“$300. My mom said it costs that much to stay in the hotel and to take my family out to dinner.”
I quickly did some mental math and realized that her figures were probably in the neighborhood of the actual costs. Was it possible that a second-grader had devised this goal on her own? “Don’t you mean you’re going to help your mom pay for the trip?
“No, I’m paying for the whole trip,” she insisted.
I was intrigued and wanted to know more, but now it was time to say goodbye, as we’d reached the front of the school. I released the children into their parents’ care.
I headed for the staff room to use the bathroom. One of the prerequisites of teaching in elementary school is that you must hold your bladder for extended periods. I walked in and saw there was a small line forming in front of the bathroom. “How was your day, Pete?” asked my colleague, Beth Masters, a veteran of twenty-five years teaching. “My kids were wild today. I think the wind sets them off.”
“We had a pretty good day. Lily just told me a story about her plans to take her family on a trip.” I remembered that Beth had taught Lily the year before, and I retold the story of Lily’s intentions. “Do you think they may have never taken a vacation together?”
Beth said, “It could be. I don’t think they have a lot. Lily’s mom has all of those mouths to feed. It has to be tough. I know her mom’s a nurse, doing the best she can.”
I remembered Lily had several older siblings. I didn’t know the family well, but I recalled seeing them at some school basketball games. Lily’s brother, Justin, played with my son on the team. I had a memory of Lily’s family piling in and out of their sizeable blue van before and after those 5th-6th-grade games. It seemed like there would typically be six or seven family members in attendance. It made an impression on me because it was unusual to see so many people supporting one child.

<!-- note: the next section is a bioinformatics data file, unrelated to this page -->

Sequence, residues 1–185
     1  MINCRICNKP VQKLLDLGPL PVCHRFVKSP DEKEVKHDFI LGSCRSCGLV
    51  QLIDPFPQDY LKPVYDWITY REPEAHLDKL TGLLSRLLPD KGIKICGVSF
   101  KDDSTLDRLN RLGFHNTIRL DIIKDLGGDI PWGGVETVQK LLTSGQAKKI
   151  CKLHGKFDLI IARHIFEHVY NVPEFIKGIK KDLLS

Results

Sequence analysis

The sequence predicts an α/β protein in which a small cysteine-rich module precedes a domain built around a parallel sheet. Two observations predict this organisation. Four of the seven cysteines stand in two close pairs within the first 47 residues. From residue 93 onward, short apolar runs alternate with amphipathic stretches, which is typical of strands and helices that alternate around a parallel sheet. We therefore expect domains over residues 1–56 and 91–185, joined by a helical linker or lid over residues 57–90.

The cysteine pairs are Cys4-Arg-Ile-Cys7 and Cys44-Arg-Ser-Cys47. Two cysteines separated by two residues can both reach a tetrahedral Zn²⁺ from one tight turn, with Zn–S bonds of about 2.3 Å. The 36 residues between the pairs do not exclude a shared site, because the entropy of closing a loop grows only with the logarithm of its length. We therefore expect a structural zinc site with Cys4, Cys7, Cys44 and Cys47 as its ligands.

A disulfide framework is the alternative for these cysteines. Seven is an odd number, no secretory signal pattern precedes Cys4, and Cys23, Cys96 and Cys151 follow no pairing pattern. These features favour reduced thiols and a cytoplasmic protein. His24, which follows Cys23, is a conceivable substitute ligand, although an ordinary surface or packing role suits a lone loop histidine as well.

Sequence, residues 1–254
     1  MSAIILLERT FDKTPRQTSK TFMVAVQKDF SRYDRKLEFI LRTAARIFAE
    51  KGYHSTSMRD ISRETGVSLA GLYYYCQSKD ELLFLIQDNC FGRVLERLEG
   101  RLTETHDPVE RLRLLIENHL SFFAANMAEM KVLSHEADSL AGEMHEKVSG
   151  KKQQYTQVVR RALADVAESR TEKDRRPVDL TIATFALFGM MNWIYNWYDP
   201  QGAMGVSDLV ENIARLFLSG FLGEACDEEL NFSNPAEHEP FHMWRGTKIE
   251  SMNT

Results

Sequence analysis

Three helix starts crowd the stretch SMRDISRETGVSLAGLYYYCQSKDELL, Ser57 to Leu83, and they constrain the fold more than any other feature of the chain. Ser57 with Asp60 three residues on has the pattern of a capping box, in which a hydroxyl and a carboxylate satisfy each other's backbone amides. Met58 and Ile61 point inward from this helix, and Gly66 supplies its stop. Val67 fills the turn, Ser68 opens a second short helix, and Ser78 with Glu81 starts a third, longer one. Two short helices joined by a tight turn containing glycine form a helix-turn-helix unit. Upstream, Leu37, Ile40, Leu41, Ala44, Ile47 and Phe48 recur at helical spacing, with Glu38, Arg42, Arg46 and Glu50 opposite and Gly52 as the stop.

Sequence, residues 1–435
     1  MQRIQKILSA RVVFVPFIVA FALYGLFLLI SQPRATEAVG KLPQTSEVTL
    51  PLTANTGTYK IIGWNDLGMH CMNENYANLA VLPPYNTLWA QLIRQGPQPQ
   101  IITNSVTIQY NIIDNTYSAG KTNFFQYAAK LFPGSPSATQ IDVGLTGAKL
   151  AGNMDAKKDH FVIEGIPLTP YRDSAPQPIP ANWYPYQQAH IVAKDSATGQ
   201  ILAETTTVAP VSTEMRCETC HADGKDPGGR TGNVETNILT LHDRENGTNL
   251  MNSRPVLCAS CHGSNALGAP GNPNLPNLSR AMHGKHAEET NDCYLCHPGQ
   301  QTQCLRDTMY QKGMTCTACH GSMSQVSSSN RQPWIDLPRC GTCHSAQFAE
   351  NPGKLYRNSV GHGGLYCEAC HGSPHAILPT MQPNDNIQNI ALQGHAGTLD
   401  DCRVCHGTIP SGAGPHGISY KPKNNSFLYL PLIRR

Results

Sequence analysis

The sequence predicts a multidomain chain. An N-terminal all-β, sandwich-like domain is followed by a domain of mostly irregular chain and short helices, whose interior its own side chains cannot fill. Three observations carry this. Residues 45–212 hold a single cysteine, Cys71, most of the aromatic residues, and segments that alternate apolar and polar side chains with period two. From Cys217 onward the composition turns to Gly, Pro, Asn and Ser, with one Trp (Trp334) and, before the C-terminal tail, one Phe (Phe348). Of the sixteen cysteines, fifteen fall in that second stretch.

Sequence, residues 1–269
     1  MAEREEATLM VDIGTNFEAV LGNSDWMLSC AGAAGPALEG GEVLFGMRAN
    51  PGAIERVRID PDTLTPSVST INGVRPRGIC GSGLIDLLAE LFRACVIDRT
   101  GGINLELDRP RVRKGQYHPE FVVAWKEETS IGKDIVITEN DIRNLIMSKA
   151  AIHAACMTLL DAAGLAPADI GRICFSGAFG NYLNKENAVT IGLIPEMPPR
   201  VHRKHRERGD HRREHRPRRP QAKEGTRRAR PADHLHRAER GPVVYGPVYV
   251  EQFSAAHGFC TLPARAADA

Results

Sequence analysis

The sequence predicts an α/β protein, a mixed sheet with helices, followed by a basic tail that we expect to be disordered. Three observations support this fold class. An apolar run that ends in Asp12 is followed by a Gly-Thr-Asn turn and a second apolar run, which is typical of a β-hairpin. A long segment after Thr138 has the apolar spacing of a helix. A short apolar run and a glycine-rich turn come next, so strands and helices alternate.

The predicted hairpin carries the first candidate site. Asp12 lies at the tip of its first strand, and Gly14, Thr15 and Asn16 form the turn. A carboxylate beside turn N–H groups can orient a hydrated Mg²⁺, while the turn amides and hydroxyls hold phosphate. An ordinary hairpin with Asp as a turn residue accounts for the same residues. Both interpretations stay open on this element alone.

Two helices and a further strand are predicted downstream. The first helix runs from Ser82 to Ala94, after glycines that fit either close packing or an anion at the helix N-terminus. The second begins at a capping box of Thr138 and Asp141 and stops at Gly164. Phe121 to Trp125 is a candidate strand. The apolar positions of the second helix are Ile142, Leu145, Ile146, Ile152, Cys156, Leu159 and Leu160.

“I don’t know much about them,” I said. “Lily’s mom seems very private.”
“She’s a quiet one,” Beth replied, “but I’ve got to commend her for keeping that family together.”
I didn’t know the exact circumstances, but I remembered Lily’s mom telling me the father was no longer in the picture.
While we were waiting, Beth added. “I taught Lily’s older sister, Martina, a couple of years ago. I didn’t have much contact with the mother when Martina was in my class. Let me know how this turns out.”
“I will. I want Lily’s family to be able to take this trip.”
The following day, I got a chance to continue my conversation with Lily. The rest of the class had gone out to recess, and she was finishing her snack at her desk. “Lily, I wanted to ask you a few more questions about your trip. If you don’t mind my asking, how much money do you still have to raise?”
“I’ve saved $120 so far.”
“How long have you been working on this?” I asked, knowing that it was November and still the first part of the school year.”
“I don’t know,” she said. “Since school started, I guess.”
“I think it’s pretty awesome that you are doing this for your family. I hope you don’t mind if I check in with you once in a while to see how it’s going.”
“It’s okay,” she said, smiling back at me.